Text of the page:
In March 2004, the FASB Emerging Issues Task Force (EITF) reached a consensus on EITF Issue No. 03-1, “The Meaning of Other-Than-Temporary Impairment and Its Application to Certain Investments” (EITF 03-1). The guidance prescribes a three-step model for determining whether an investment is other-than-temporarily impaired and requires disclosures about unrealized losses on investments. The accounting guidance became effective for reporting periods beginning after June 15, 2004, while the disclosure requirements became effective for annual reporting periods ending after June 15, 2004. In September 2004, the FASB issued FASB Staff Position (FSP) EITF 03-1-1, “Effective Date of Paragraphs 10-20 of EITF Issue No. 03-1 ‘The Meaning of Other-Than-Temporary Impairment and Its Application to Certain Investments” (FSP EITF 03-1-1). FSP EITF 03-1-1 delayed the effective date for the measurement and recognition guidance contained in paragraphs 10-20 of EITF Issue 03-1. In November 2005, the FASB issued FSP FAS 115-1 and FAS 124-1, “The Meaning of Other-Than-Temporary Impairment and its Application to Certain other-than-temporary Investments.” This FSP addresses the determination as to when an investment is considered impaired, whether the impairment is other-than-temporary and the measurement of an impairment loss. This statement specifically nullifies the requirements of paragraph 10-18 of EITF 03-1 and references existing other-than-temporary impairment guidance. The guidance under this FSP is effective for reporting periods beginning after December 15, 2005. Applied continued to apply relevant “other-than-temporary” guidance as provided for in FSP EITF 03-1-1 during fiscal 2005. Applied does not expect the implementation of FSP FAS 115-1 and FAS 124-1 will have a material effect on Applied’s financial position or results of operations.


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APPLIED MATERIALS, INC.
 
NOTES TO CONSOLIDATED FINANCIAL STATEMENTS — (Continued)

 
Note 2   Financial Instruments
 
Investments
 
Short-term investments by security type at October 30, 2005 were as follows:
 
                                 
          Gross
    Gross
       
          Unrealized
    Unrealized
    Estimated
 
    Cost     Gains     Losses     Fair Value  
    (In thousands)  
Obligations of states and political subdivisions
  $ 1,362,456     $ 194     $ 4,720     $ 1,357,930  
U.S. commercial paper, corporate bonds and medium-term notes
    1,069,556       1,429       7,806       1,063,179  
Bank certificates of deposit
    63,847                   63,847  
U.S. Treasury and agency securities
    1,671,396       134       16,339       1,655,191  
Other debt securities
    816,424       763       12,335       804,852  
                                 
    $ 4,983,679     $ 2,520     $ 41,200     $ 4,944,999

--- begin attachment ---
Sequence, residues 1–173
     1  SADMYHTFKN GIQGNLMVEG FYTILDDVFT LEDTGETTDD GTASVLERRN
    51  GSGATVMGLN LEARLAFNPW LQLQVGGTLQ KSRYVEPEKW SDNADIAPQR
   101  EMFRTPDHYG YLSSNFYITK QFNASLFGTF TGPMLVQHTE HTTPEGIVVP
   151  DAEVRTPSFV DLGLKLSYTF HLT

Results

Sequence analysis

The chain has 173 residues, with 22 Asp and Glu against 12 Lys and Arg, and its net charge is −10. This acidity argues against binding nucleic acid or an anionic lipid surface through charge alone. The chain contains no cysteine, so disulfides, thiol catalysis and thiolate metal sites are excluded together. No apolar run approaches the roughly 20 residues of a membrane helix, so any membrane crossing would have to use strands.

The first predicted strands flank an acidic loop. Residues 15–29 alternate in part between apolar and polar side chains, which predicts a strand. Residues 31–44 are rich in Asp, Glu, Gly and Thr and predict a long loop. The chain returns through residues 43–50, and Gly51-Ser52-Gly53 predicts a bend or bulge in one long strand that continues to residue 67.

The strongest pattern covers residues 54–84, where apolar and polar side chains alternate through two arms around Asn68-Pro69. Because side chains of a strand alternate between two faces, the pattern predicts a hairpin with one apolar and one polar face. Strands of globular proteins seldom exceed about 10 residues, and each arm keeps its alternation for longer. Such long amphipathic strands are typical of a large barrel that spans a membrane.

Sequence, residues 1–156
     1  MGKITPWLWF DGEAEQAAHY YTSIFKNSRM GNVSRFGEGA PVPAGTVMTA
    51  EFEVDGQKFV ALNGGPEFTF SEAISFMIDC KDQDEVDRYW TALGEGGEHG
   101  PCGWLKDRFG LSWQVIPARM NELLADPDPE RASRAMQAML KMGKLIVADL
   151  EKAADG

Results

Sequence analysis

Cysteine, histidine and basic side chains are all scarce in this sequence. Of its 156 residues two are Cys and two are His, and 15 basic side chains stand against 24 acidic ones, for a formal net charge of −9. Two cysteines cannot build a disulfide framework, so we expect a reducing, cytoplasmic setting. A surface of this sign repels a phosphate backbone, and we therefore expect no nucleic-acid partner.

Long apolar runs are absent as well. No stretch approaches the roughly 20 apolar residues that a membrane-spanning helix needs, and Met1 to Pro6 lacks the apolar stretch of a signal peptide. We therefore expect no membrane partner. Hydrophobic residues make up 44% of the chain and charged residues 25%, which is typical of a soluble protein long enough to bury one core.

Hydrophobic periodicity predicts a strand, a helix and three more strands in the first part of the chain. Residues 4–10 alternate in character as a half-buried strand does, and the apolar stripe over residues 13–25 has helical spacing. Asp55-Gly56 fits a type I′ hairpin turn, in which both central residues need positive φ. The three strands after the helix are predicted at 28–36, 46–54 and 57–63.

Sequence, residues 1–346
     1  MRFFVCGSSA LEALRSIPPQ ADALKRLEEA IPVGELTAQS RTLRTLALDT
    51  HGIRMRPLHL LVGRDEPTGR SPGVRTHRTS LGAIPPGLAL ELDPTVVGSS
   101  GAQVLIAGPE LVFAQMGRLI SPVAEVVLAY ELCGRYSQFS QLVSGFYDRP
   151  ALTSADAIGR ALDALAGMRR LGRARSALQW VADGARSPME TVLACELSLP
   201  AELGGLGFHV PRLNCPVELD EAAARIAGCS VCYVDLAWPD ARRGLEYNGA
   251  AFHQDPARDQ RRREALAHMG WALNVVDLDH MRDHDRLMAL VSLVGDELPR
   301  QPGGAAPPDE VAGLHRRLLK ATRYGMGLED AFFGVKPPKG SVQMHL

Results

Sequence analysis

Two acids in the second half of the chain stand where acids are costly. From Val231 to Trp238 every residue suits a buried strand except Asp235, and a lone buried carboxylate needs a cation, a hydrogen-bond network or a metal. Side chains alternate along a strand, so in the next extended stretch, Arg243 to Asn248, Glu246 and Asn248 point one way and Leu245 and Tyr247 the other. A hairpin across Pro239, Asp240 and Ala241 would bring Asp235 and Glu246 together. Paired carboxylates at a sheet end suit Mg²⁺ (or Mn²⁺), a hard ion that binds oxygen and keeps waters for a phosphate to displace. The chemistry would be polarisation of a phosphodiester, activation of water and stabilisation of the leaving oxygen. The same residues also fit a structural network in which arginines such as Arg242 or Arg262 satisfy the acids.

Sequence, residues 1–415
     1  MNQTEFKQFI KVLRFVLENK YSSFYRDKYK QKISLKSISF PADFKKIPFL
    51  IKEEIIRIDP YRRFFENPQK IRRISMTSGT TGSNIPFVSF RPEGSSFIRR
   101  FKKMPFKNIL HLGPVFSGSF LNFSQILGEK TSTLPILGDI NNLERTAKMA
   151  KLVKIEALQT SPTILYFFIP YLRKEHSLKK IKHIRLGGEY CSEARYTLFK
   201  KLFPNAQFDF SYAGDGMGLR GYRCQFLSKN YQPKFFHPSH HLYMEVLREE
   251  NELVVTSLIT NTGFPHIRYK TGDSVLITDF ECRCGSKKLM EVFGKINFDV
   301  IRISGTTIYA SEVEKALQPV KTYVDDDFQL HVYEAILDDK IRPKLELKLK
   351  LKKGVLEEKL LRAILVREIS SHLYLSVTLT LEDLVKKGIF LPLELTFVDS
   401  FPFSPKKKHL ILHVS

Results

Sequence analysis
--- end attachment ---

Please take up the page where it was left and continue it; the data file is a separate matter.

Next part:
Short-term investments by security type at October 31, 2004 were as follows:
 
                                 
          Gross
    Gross
       
          Unrealized
    Unrealized
    Estimated
 
    Cost     Gains     Losses     Fair Value  
    (In thousands)  
Obligations of states and political subdivisions
  $ 1,246,496     $ 2,732     $ 1,277     $ 1,247,951  
U.S. commercial paper, corporate bonds and medium-term notes
    1,517,123       6,185       1,970       1,521,338  
Bank certificates of deposit
    116,933                   116,933  
U.S. Treasury and agency securities
    1,501,897       3,609       2,771       1,502,735  
Other debt securities
    693,579       4,704       2,536       695,747  
                                 
    $ 5,076,028     $ 17,230     $ 8,554     $ 5,084,704  
                                 
 
Cash and cash equivalents included investments in debt and other securities of $719 million at October 31, 2004 and $608 million at October 30, 2005.
 
Contractual maturities of short-term investments at October 30, 2005 were as follows:
 
                 
          Estimated
 
    Cost     Fair Value  
    (In thousands)  
Due in one year or less
  $ 1,724,984     $ 1,719,315  
Due after one through three years
    1,136,017       1,123,831  
Due after three years
    1,297,957       1,289,056  
No single maturity date*
    824,721       812,797  
                 
    $ 4,983,679     $ 4,944,999  
                 
 
 
Securities with no single maturity date include mortgage- and asset-backed securities.
 
Applied manages its cash equivalents and short-term investments as a single portfolio of highly marketable securities that is intended to be available to meet Applied’s current cash requirements. For fiscal 2004, gross realized gains on sales of short-term investments were $15 million, and gross realized losses were $7 million. For


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APPLIED MATERIALS, INC.
 
NOTES TO CONSOLIDATED FINANCIAL STATEMENTS — (Continued)

fiscal 2005, gross realized gains on sales of short-term investments were $3 million, and gross realized losses were $8 million.
 
The following table provides the breakdown of the short-term investments with unrealized losses at October 30, 2005:
 
                                                 
    In Loss Position for
    In Loss Position for
       
    Less Than 12 Months     12 Months or Greater     Total  
          Gross
          Gross
          Gross
 
          Unrealized
          Unrealized
          Unrealized
 
    Fair Value     Losses     Fair Value     Losses     Fair Value     Losses  
    (In thousands)  
Obligations of states and political subdivisions
  $ 536,069     $ 3,939     $ 20,028     $ 781     $ 556,097     $ 4,720  
U.S. commercial paper, corporate bonds and medium-term notes